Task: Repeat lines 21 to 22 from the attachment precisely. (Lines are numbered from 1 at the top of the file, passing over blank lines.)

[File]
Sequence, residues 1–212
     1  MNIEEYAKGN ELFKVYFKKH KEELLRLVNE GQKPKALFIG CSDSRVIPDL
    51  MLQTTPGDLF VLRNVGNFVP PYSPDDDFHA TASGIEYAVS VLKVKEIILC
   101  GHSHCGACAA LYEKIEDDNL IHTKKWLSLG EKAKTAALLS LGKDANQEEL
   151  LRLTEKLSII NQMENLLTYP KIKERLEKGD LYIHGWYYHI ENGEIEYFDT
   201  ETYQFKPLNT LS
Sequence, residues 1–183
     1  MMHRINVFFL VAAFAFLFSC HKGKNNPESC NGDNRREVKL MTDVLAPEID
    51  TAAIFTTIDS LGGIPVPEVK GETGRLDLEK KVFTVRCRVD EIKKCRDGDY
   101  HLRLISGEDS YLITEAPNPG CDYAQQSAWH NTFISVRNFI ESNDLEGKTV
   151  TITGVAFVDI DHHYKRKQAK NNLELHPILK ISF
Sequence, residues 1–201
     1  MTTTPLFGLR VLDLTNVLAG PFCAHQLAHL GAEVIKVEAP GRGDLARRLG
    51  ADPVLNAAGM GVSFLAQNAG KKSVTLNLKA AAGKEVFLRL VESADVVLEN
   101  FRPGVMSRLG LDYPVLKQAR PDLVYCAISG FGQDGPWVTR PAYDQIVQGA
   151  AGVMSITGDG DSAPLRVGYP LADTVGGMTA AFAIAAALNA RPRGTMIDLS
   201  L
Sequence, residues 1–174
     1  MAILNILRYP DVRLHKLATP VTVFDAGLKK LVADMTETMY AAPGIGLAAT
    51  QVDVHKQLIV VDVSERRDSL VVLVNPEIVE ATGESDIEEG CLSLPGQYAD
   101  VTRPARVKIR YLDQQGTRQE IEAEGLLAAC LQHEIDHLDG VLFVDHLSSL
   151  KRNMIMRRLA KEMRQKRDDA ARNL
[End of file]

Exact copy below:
   101  VTRPARVKIR YLDQQGTRQE IEAEGLLAAC LQHEIDHLDG VLFVDHLSSL
   151  KRNMIMRRLA KEMRQKRDDA ARNL